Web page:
>If you have a signal + noise then estimate an ARMA model based on
>this, you will also model the additive noise.

Yes, exactly. Try some of the Total Least Squares ARMA techniques.
Greg

Reply by Rune Allnor●September 10, 20082008-09-10

On 10 Sep, 09:50, "Nick32" <fatmansincl...@hotmail.com> wrote:

> Hi
>
> Thanks for all of your responses.
>
> The data I am trying to fit an (8,5) ARMA model to is a physiological
> signal.
>
> The reason for specifically using an (8,5) ARMA model comes from a
> physiological modelling theory.

Never expect a model to fit data just because you have an analytical
model. Real-life measurements *never* comply to analytical models.

> Essentially, we want to fit (8,5) ARMA models to segments of data and see
> how the model system properties (poles and zeros) change over time. By
> relating these results back to the theory we hope to gain some
> physiological insight.

Famous last words. As you already have discovered, the properties of
the data depend at least as much on noise and imperfections as on
whatever parameters you look for.
Not to say that what you want is impossible, but it will take a lot
more skill and effort than you might have abticipated, and the
results might not be quite as relevant as you expect.

> As the amplitude of our signal is very small (microvolts), the signal to
> noise ratio is low (10-20dB).

Have a look at the sensors. I don't have much hands-on experience
with hardware design, but I did a student project ages ago where
we converted a voltage source (a piezoelectric element which was
nothing more than a weird capacitor, really) to a current source
by attaching a high-impedance OpAmp as a voltage follower.
As a general rule of thumb do whatever is in your grasp,
technically and economically, to get good data. While DSP
can help you out from time to time, the easiest problems
to deal with are still those that never occur.

> A lot of the testing I have been doing has been with synthetic data.
> Basically, I have been generating data by filtering Gaussian white noise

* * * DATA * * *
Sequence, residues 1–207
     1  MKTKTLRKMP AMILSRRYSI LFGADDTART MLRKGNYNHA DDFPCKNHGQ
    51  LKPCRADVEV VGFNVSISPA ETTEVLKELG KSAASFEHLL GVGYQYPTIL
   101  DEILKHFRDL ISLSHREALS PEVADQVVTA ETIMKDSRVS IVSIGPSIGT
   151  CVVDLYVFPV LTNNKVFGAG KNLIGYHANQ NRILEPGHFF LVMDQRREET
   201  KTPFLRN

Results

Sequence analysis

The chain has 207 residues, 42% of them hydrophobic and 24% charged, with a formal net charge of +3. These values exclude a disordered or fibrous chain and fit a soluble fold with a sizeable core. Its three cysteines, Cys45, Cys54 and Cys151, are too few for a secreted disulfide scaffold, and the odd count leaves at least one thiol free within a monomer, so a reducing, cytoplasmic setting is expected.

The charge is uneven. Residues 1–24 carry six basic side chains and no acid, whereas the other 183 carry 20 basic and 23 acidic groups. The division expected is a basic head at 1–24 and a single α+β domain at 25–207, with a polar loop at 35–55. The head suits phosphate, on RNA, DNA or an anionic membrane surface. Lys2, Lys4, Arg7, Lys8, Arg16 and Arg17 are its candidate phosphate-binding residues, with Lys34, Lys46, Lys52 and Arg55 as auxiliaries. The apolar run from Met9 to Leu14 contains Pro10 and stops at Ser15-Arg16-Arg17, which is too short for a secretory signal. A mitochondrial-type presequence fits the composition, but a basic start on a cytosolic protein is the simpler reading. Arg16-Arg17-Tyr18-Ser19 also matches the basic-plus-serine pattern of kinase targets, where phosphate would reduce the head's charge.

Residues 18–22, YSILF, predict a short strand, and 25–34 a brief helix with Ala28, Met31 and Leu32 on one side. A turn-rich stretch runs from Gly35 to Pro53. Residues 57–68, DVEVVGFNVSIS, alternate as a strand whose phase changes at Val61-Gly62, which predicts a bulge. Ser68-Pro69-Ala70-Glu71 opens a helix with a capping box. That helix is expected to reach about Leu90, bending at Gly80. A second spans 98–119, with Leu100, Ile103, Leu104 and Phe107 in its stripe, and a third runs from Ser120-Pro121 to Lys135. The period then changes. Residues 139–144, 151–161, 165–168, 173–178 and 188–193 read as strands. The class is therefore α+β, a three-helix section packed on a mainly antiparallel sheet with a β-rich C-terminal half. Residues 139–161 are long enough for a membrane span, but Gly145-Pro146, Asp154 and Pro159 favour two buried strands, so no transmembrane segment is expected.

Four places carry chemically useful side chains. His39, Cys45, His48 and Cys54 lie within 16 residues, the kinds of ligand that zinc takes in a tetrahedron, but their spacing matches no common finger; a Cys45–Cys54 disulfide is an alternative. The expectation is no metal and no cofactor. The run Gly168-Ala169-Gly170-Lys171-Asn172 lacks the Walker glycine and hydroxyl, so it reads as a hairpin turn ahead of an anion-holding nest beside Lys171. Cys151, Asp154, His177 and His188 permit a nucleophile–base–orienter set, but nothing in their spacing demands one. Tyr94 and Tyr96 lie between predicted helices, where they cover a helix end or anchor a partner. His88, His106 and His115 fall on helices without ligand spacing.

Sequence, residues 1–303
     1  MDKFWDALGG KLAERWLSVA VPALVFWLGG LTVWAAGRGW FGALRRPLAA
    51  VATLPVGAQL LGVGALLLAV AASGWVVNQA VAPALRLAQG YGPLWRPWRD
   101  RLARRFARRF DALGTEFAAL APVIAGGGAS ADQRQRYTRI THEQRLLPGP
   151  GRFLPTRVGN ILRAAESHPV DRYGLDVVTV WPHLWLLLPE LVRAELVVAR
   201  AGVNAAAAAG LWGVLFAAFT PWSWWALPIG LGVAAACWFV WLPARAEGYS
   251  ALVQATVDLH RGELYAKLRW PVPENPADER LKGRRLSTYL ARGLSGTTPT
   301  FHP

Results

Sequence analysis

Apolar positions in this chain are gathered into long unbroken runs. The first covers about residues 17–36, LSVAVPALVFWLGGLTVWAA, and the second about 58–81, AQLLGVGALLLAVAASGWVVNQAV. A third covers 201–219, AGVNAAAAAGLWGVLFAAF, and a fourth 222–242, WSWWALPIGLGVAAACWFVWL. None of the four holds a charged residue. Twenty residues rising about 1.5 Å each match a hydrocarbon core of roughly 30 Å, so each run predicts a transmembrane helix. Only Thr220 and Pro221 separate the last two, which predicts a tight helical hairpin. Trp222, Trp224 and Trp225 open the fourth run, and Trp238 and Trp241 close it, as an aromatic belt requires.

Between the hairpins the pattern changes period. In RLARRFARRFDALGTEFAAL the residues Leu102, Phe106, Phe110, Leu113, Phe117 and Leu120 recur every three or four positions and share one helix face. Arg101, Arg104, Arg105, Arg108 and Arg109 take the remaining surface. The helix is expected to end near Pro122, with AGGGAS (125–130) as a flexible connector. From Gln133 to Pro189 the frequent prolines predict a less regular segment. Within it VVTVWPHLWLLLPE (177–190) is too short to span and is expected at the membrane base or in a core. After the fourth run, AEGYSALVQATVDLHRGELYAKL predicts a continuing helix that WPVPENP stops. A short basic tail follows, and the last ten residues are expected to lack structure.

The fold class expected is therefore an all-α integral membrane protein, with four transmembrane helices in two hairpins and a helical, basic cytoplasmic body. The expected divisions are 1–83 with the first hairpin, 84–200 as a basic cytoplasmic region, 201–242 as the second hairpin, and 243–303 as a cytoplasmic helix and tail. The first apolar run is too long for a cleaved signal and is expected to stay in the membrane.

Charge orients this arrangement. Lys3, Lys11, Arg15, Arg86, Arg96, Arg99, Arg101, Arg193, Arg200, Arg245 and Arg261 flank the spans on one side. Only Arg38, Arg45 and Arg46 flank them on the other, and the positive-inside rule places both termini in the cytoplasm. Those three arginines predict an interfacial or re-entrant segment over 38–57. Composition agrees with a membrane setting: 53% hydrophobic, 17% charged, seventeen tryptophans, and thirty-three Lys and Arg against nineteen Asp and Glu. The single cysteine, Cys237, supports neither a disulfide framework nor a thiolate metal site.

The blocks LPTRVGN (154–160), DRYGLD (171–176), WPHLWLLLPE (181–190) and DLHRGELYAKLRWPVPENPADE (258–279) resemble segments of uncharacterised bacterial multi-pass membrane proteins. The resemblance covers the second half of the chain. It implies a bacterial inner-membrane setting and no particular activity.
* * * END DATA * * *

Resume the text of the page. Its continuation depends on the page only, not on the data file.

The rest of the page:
> with �known (8,5) ARMA models to create a clean data set and then adding
> noise to it to create a noisy data set. I then fitted models (using the
> methods mentioned previously) to the clean and noisy data and compared
> them.

That's the only way to start. Try and fit higher-order ARMA
models (say, ARMA(10,8)) to the low-SNR data and see if the
'best' 5 poles and 3 zeros behave better.
Rune

Reply by Nick32●September 10, 20082008-09-10

Hi
Thanks for all of your responses.
The data I am trying to fit an (8,5) ARMA model to is a physiological
signal.
The reason for specifically using an (8,5) ARMA model comes from a
physiological modelling theory.
Essentially, we want to fit (8,5) ARMA models to segments of data and see
how the model system properties (poles and zeros) change over time. By
relating these results back to the theory we hope to gain some
physiological insight.
As the amplitude of our signal is very small (microvolts), the signal to
noise ratio is low (10-20dB).
A lot of the testing I have been doing has been with synthetic data.
Basically, I have been generating data by filtering Gaussian white noise
with known (8,5) ARMA models to create a clean data set and then adding
noise to it to create a noisy data set. I then fitted models (using the
methods mentioned previously) to the clean and noisy data and compared
them.
Thanks again.
Nick

Reply by Rune Allnor●September 9, 20082008-09-09

On 9 Sep, 15:15, "Nick32" <fatmansincl...@hotmail.com> wrote:

> Hi
>
> I am trying to fit an (8,5) ARMA model to a time series in the presence of
> additive white noise. The SNR is around 10-20dB.

What do you try to achieve? Why ARMA? Why ARMA(8,5)?

> So far I have tried the armax function from the Matlab system
> identification toolbox, the ARMASA toolbox for Matlab and a reduced
> statistics algorithm. Unfortunately I have found that these methods are
> unreliable when the SNR is less than about 60dB, and the models produced
> contain significant errors.

Well, I've never been impressed by matlab's DSP stuff...

> I have also tried some methods based on the modified Yule Walker
> equations, which avoid the zero lag of the autocorrelation, but these too
> are unreliable below 60dB and can return unstable models.
>
> What I would like to know (and hopefully someone here can help me) is:
>
> -Is it actually possible to get an accurate ARMA model when the SNR is
> around 10-20dB?

I've worked with AR models (not ARMA) with SNR in the range 5-10 dB
without awful lots of difficulties. Well, I had hundreds of data sets
so I could see trends across the whole data set instead of relying
on individual results. Which certainly helped.
It's not impossible to get results at those SNRs, but it's not
straight-forward.

> -Are there any "tried and true" robust methods for ARMA parameter
> estimation at low SNR?

No. You need to try and test lots of different combinations
of methods, and see which combos produce the desired results.
Which means you will need to do the tests in controlled
settings where you know the properties of the data and thus
know how well the methods performed. Which means you need
to work with simulated data.

> -Can anyone suggest a good resource for ARMA estimation from noisy
> observations, or a resource that lists possible ARMA estimation methods

Kay wrote several books in the '80s and '90s; Therrien's 1992
book is my personal favourite (but it has already been out of